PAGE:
July 22, 1999 | By: Haven Miller

Growing crops is not a static process – it's dynamic and ever-changing. The type of pumpkin you grew ten years ago may not be the best for fighting off disease today. The tomato you used to swear by may not taste as good as a newer variety. And there may be new kinds of crops you never thought of that can offer you real profit potential.

That's the value of the agricultural field day – it gives you the chance to see first-hand the latest crop varieties and advances in plant science.

A UK-sponsored field day in Lexington on Wednesday, August 11 is for producers interested in fruits and vegetables. It will start at 6:00 p.m. at UK's Horticulture Research Farm at the corner of Nicholasville Road and Man-O-War, across from Lowes and Walmart.

"Our field day on August 11 will give commercial producers information on pumpkins, seedless watermelons, green fleshed melons, tomatoes, apples, strawberries, and more," said John Strang, horticulture specialist with the UK Cooperative Extension Service. "Producers can talk to our UK College of Agriculture researchers and specialists, ask them questions, and even bring in samples of problems for identification and recommendations."

Strang is evaluating powdery mildew-tolerant pumpkin varieties for production and fruit quality characteristics.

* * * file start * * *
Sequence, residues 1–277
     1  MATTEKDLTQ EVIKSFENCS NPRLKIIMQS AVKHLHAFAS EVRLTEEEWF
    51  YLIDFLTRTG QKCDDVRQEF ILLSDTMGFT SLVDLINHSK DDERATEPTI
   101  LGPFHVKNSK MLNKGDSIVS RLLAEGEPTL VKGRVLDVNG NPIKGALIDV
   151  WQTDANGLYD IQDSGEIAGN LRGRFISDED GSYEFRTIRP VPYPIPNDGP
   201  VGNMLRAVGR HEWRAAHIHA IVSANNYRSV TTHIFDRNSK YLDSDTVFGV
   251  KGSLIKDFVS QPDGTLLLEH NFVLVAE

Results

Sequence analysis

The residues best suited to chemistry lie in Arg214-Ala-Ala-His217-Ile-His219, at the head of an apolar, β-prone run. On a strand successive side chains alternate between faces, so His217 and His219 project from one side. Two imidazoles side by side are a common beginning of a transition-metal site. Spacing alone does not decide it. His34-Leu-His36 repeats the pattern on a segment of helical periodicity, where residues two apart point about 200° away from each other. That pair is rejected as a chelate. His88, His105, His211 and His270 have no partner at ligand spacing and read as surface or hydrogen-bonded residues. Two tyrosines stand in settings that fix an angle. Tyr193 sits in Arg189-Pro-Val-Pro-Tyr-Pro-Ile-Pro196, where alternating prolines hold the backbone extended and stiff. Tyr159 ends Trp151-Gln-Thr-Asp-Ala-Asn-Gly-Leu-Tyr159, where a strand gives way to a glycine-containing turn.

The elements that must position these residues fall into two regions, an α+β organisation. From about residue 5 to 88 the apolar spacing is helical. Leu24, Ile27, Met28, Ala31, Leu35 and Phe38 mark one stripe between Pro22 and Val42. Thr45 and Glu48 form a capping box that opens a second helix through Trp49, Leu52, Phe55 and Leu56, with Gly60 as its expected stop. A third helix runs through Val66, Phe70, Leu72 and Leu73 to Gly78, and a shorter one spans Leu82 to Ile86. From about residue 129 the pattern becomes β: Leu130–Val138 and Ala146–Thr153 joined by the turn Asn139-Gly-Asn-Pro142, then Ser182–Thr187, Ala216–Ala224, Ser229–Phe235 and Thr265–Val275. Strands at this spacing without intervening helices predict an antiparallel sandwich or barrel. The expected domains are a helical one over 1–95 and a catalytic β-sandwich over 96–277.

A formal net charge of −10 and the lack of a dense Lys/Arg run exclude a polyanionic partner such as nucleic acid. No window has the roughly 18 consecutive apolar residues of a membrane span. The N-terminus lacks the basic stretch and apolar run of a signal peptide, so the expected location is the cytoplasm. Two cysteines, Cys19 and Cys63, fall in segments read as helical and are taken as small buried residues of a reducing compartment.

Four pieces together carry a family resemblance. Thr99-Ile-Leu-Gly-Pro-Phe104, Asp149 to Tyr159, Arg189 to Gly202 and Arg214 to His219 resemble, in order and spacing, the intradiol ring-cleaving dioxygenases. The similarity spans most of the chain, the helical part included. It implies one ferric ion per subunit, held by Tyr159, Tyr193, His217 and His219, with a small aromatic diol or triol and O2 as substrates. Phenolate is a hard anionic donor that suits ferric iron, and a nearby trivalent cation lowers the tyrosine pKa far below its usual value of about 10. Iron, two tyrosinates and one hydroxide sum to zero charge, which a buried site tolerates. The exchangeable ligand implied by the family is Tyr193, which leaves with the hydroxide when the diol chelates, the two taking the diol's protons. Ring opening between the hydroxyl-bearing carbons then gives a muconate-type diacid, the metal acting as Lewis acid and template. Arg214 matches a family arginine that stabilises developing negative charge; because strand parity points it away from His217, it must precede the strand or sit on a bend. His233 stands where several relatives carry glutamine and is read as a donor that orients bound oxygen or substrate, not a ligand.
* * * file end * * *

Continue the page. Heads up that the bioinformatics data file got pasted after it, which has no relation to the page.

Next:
"The company that produced one of the more effective powdery mildew fungicides has stopped marketing the product," said Strang. "If we can find varieties that have good tolerance to powdery mildew and yield high-quality pumpkins, this can make production a little easier for Kentucky growers."

Commercial tomato growers attending the August 11 field day will be updated on research into varieties that are best suited for Kentucky growing conditions.

"We've been conducting trials to find out which variety might be considered the ‘Kentucky' tomato for commercial growers in the state – the one that grows the best, looks the best, and tastes the best," said Brent Rowell, UK horticulture specialist. "We'll be conducting taste tests at a major supermarket later in August to gather additional information to pass along to producers."

One of the more unique crops featured at the horticulture field day is the landscape perennial called echinacea (pronounced ek-in-AY-shuh). "A lot of people know echinacea as a landscape plant with an attractive flower, but it's also an herb crop grown for medicinal purposes," said Bob Anderson, Extension floriculture specialist. "The active ingredients in echinacea are extracted from the dried plant and used in over-the- counter cold remedies. One of our graduate students will be sharing information with producers about general production and yield."

Producers attending the field day also will get information on genetically-engineered crops, drip irrigation, insect control, and disease control of several crop varieties.

"This field day is for producers already growing horticultural crops, or for those thinking about trying horticultural crops," said Anderson. "It's a chance to stay abreast of new varieties and techniques, and to exchange information with other growers."


Writer: Haven Miller (606) 257-3784
John Strang 606-257-5685 jstrang@ca.uky.edu